Millions of Americans suffer from substance abuse and addiction, starting from as early as 12 years old. A key to understanding this common affliction is knowing that the medical term for substance abuse is substance abuse disorder. This helps us better understand it as a disease rather than a choice. Like most diseases, substance abuse disorder is treatable, and knowing the root causes of substance abuse makes diagnosis and treatment of this common disease possible. Addiction can be scary, especially if you don’t know what you or your loved one is dealing with, why it’s happening, and how it can be helped.
What Is Substance Dependence?
Substance abuse disorder, or addiction, is a disease that affects the brain and behavior and leads to peoples’ inability to control their use of certain addictive substances. Substance abuse definitions can be misleading because they often infer that only illegal substances can be abused when people can abuse all kinds of substances, including legal ones. Alcohol, over-the-counter medications, opiates, stimulants, and prescription drugs are some of the most commonly abused substances in America.
Substance abuse is characterized by the steady need to increase dosage and usage of a particular drug or drugs to experience its effects and the need to use the drug regularly to feel good. Common symptoms are having intense urges that block other thoughts, spending excessive amounts of money on the drug (even if you know you can’t afford it) continuing to use the substance even if it causes problems in your life, taking risks to obtain the drug you normally wouldn’t, the inability to stop using it, experiencing withdrawal symptoms when you stop using the drug, and more.
Biological and Psychological Causes of Addiction
There is still a lot of research being done into the various causes and effects of alcohol and drug abuse, and there is a long way to go until the disease is fully understood. However, several major factors can lead to people developing drug abuse problems.
Some of these factors are biological or psychological and could include one or more of the following causes:
Social and Environmental Factors
The environment in which one lives can significantly influence their lifestyle, choices, and preferences. For example, children and adolescents exposed to drug or alcohol abuse at home are more likely to start using substances themselves than children who are not. This is the clearest example of how the environment can influence people, but many other impactful social and environmental factors can lead to addictive behavior.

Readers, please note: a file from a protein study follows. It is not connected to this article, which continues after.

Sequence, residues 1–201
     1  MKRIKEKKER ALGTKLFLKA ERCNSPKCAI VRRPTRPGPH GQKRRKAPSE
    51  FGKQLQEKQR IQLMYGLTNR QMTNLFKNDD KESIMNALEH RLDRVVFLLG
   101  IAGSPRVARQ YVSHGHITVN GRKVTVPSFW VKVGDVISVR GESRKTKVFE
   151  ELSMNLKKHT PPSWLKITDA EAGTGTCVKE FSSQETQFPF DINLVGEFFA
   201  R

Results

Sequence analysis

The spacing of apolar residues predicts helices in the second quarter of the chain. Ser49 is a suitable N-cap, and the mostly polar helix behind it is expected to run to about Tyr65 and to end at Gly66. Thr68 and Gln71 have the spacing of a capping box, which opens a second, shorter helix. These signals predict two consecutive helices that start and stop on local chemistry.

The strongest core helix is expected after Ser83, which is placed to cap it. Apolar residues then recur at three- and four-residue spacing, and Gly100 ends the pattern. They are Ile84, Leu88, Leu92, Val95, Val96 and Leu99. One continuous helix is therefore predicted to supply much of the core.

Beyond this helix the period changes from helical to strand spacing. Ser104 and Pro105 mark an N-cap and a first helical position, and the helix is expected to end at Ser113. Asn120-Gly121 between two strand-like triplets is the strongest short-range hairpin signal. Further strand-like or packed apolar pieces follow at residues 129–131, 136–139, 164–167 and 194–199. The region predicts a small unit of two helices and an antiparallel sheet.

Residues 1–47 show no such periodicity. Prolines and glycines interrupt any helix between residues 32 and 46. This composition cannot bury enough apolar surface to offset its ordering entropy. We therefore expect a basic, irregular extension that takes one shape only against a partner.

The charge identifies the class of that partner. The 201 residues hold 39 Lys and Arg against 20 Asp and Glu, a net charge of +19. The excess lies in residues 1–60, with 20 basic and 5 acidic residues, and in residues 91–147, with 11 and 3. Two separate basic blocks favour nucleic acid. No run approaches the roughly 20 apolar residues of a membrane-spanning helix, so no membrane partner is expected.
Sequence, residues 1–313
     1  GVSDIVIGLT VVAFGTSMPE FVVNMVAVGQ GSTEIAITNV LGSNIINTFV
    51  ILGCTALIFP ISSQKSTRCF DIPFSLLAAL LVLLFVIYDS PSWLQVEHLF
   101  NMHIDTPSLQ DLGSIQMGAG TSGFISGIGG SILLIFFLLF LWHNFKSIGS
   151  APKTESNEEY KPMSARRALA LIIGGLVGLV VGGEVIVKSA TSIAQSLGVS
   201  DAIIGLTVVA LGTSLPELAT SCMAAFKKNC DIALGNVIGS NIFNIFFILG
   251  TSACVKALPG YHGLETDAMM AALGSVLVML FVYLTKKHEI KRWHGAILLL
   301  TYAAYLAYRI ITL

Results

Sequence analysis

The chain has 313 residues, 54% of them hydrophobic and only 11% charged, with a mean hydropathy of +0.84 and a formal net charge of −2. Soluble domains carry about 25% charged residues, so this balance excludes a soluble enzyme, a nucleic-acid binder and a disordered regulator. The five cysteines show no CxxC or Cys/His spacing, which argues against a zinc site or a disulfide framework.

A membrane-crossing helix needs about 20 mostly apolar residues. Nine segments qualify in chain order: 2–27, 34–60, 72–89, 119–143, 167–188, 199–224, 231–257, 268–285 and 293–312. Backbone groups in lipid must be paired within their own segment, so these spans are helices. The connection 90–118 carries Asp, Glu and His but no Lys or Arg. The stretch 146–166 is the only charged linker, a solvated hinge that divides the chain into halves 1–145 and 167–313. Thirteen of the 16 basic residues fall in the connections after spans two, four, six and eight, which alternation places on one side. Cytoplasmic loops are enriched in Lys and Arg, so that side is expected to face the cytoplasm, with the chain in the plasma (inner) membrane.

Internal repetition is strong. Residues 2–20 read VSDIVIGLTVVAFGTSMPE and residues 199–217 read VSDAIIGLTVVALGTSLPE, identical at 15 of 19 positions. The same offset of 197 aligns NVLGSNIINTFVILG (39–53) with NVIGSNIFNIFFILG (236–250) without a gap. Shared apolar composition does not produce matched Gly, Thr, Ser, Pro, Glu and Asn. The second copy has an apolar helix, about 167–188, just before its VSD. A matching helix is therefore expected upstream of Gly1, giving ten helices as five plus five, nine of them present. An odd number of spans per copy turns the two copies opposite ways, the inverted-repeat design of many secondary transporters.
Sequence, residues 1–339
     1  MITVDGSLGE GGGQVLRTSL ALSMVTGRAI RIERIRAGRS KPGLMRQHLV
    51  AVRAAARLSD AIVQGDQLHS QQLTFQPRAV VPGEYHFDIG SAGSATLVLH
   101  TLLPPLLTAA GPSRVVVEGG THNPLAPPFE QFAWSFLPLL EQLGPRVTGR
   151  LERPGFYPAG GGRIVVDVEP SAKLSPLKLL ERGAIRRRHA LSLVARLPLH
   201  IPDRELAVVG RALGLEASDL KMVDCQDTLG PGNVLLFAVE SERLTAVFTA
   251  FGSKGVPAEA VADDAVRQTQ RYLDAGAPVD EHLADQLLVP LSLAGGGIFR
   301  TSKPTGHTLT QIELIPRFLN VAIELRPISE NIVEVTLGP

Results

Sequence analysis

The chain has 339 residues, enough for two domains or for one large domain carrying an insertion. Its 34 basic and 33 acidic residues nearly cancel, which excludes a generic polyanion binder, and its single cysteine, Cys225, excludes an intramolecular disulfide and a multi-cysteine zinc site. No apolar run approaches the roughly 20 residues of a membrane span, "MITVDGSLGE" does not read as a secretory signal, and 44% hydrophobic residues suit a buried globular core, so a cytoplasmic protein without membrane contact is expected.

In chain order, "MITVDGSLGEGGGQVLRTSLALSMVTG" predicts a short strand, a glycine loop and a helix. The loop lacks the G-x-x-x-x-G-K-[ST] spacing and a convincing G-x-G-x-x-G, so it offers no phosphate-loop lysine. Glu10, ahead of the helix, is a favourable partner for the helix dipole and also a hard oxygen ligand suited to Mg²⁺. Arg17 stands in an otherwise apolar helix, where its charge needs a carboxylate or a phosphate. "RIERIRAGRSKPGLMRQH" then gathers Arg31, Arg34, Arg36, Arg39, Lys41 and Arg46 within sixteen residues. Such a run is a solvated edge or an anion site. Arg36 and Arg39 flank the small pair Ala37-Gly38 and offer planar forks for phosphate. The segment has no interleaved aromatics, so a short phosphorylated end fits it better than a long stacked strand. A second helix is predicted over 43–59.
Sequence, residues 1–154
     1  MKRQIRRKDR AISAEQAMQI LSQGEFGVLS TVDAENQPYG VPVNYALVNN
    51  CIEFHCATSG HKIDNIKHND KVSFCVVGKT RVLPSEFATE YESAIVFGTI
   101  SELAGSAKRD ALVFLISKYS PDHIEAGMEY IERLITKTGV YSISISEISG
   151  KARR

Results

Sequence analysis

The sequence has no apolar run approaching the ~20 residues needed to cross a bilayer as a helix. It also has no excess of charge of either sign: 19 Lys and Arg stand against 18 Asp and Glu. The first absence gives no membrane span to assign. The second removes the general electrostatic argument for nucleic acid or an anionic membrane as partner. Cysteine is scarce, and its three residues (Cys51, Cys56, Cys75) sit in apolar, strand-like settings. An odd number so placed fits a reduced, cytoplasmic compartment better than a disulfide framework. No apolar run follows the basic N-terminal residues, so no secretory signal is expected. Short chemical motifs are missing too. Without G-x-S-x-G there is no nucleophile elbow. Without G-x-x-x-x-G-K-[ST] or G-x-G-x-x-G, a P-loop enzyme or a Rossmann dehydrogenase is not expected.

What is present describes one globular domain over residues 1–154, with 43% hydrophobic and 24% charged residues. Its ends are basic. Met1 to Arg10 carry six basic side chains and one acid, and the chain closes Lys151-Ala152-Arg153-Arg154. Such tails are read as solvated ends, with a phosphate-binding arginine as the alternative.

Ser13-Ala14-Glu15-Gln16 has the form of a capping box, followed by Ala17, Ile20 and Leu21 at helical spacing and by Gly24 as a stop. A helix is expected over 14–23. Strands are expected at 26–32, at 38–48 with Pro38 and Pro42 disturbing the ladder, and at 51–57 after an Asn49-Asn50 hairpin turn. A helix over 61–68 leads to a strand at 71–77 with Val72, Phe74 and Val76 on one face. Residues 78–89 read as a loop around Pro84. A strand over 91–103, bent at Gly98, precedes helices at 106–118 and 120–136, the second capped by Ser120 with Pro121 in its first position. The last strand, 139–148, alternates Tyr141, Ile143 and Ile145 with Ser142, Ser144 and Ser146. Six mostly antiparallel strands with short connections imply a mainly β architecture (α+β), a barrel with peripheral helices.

Behavior Linked Causes
Aside from the psychological and environmental factors leading to drug or alcohol dependency, many behavioral factors also impact an individual’s relationship with substances. Some of these include the desire to experience the feelings of pleasure that many drugs provide or to enhance performance or creativity. Other people develop addictions as an attempt to self-medicate for depression, chronic pain, and other problems. If people begin noticing that certain drugs or alcohol cures one of these problems or helps them perform better in a given area, they are more likely to continue desiring that effect and using the substance. Over time, repeated use leads to addiction, and they are unable to quit using the intoxicant.
Long-Term Effects of Drug or Alcohol Abuse
Alcohol and drug abuse can lead to many serious long-term health problems, especially when used in large doses or in combination. Using drugs or alcohol can cause dehydration-induced seizures and damage immune systems. This increases susceptibility to infection and further complications, psychotic behavior, and serious cardiovascular conditions, including heart attacks and collapsed veins. It can also cause liver overexertion or liver failure, among other dangerous side effects.
As you can see, many factors might contribute to a person’s likelihood of developing addiction to substances, as well as many dangers and side effects involved. If you think your substance use may be turning into an addiction, or if someone you love is exhibiting behavior associated with substance abuse disorder, please contact Sage Clinic today to get the resources, care, and treatment you or your loved one needs to stop things from getting worse. Substance abuse is scary, and you should not face it alone. We care deeply about each of our patients and strive to offer the best care and addiction treatment available.
Clinical Director Therapist
Lana Reihani, LPCC, is a Clinical Mental Health Therapist, Clinical Supervisor, and Clinical Director with Sage Neuroscience Center. She is passionate about strengthening evidence-based clinical practices with radical empathy and a touch of humor, delivered with safety, equality, and diversity in mind. In her free time, Lana loves to learn, cook, find the best light for selfies, share amazing memes, and watch trashy reality TV.